Floating parks, giant mushrooms, and farming with no land: Vision discovers the reality behind futurists’ predictions for Dubai, Mumbai and Sydney in 2050
In the 1968 science fiction film “2001: A Space Odyssey”, the 21st century as Stanley Kubrick saw it was a world in which apes ruled the earth, men rode in ‘moonbuses’, and cryogenic hibernation was both possible and prolific.
Whilst the depiction of life in the year 2001 was fairly off the mark, predicting the future became a popular topic for the film industry and futurists alike. Who might inhabit the cities of the future? What will they drive, how will they look, where will they work?
One region that recently attempted to tackle the question of the future was the UAE, with its exhibition ‘Your Planet Needs You’. The event, based in Dubai, was an exploration of how we will survive in a changing planet, looking at strategies to ensure the survival of communities and lifestyles worldwide in the face of changing climate and resource availability.
Water shortages was highlighted as a serious issue, and the exhibit encouraged visitors to think about how they access water and what they would do if it wasn’t readily available, as well as introducing techniques and technologies for saving water and making it safe.
Soil-less farming has been touted as the freshest innovation of a new eco-future, with venture capitalists Yalman Khan and Kunal Wadhwani, who set up the Dubai-based startup Agricel, whose soil-less farming technology could deliver water savings of up to 90 percent. “The human race sits at the top of the food chain for a reason and hopefully we will always have enough food to feed the world,” said the pair. “However, if land and water are continuously depleted, the result will be inevitably be reduced output.”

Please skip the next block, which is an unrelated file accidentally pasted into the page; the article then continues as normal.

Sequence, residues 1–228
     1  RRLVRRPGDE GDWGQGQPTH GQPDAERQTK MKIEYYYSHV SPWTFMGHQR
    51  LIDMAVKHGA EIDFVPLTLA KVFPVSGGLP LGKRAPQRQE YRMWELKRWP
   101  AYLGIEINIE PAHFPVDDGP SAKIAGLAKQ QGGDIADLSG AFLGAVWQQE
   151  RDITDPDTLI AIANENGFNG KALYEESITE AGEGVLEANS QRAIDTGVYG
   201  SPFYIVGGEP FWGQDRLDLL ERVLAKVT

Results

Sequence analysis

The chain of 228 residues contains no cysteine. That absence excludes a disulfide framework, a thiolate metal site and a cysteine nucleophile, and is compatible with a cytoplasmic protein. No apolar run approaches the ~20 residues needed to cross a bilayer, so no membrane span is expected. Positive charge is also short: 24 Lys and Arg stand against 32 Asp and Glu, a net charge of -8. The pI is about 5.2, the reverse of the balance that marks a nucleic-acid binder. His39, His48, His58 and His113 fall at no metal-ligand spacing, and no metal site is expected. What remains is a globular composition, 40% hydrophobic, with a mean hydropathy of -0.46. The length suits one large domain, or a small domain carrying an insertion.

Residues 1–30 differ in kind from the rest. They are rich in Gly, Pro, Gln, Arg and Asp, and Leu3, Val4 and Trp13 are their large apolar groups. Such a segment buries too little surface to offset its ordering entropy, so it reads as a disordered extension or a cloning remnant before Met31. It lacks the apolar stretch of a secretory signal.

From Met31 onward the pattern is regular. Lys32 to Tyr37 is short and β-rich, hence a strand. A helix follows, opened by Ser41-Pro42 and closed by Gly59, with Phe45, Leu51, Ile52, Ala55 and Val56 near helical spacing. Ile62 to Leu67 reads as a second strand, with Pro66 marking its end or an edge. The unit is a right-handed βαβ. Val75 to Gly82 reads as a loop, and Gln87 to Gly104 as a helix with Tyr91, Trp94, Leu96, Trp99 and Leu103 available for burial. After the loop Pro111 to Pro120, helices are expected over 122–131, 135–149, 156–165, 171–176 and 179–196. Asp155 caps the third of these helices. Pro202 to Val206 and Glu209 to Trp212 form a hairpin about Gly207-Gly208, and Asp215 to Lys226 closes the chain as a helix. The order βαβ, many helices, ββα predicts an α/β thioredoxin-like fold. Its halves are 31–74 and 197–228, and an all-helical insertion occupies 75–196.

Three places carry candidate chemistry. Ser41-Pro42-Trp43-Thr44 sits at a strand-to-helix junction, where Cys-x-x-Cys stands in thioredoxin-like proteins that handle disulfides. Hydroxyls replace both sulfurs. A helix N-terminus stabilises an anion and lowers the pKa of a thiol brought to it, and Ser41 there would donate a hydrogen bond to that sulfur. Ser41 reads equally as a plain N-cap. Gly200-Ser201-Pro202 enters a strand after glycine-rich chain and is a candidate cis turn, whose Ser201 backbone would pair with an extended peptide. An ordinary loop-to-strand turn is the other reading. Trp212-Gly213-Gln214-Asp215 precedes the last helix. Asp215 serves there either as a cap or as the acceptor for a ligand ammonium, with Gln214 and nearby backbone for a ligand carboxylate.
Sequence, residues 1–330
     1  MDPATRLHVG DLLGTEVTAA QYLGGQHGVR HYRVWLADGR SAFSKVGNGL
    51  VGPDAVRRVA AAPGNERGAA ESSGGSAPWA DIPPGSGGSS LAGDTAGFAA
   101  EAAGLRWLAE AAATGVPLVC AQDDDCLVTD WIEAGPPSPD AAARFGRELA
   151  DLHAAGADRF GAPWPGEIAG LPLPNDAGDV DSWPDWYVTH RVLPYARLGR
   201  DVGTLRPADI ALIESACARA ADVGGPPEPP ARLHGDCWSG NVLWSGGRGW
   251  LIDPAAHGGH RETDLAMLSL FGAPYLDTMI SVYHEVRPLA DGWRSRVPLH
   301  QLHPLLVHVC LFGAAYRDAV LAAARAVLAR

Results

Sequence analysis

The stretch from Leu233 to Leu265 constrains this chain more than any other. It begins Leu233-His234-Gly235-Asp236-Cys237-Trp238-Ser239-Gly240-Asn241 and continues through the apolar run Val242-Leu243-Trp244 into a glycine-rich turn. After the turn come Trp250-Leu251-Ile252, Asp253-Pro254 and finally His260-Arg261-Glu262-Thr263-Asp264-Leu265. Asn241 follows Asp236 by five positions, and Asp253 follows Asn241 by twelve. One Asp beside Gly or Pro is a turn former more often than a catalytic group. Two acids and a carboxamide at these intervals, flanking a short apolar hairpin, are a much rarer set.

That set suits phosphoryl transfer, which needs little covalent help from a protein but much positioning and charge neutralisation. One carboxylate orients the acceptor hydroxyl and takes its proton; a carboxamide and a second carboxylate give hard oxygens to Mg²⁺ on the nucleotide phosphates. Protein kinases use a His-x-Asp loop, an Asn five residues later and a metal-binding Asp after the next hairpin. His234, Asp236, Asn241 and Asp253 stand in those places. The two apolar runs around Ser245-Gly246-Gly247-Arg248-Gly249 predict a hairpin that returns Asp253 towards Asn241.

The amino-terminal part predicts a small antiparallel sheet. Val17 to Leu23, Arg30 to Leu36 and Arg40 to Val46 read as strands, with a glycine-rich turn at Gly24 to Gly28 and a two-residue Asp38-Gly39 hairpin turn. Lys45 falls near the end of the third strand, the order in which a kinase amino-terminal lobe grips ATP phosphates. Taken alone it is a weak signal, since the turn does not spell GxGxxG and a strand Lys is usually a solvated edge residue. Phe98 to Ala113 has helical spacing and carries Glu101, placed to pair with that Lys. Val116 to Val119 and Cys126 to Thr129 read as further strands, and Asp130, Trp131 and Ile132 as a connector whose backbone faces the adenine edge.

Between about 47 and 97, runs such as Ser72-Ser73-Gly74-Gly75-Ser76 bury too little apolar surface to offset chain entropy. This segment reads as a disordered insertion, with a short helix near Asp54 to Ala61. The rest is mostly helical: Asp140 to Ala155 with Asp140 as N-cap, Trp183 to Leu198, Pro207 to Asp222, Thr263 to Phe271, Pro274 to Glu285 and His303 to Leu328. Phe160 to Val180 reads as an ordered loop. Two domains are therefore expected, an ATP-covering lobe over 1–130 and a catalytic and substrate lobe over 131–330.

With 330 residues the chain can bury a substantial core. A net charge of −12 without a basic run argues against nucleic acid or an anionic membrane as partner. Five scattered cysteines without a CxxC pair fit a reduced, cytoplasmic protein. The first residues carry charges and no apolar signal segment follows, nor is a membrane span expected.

During the Indian Civil War, the Dharavi slums of Mumbai were inundated with hundreds of thousand of refugees, looking for new opportunities in the city. Sometime later, genetically-engineered fungal samples from Amsterdam appeared in Dharavi. Through a collective drive and expertise, refugees managed to turn into a new type of infrastructure providing heat, light and building material for the refugees.
Dharavi rapidly evolved its own microeconomy based around the mushrooms. The documentary ‘New Mumbai’ tells the story of some of the characters involved from Mumbai and the rest of the world and how Dharavi came to be such a unique place. Sound unbelievable? That’s because it is. The mock documentary was made by the futurist Tobias Revell, who located his fantastic proposition of giant mushrooms powering cities in Mumbai in order to celebrate the city’s independence. “In Mumbai there’s an independence. They seem to make Dharavi their own, and it’s full of exciting tales of microeconomics and specialists which make it unique.”
Skyscrapers will be doubled in size, the metro will cross the harbor, and parks will be suspended in mid-air, if Sydney’s architects see their dreams become reality. The firm Urban Taskforce asked three architects to dream up the ideal future for Sydney in 2050, and their answers spanned from transport to sustainability to beauty. James Fitzpatrick envisioned a series of centres including North Sydney, Glebe Island, Central Station and Woolloomooloo all connected by a new circular metro line.
Richard Francis-Jones dream of a “green spine” that would cross the Harbour Bridge was particularly visionary. Mock-up images of the narrow park see locals cycling, walking and having picnics 134 metres up in the air.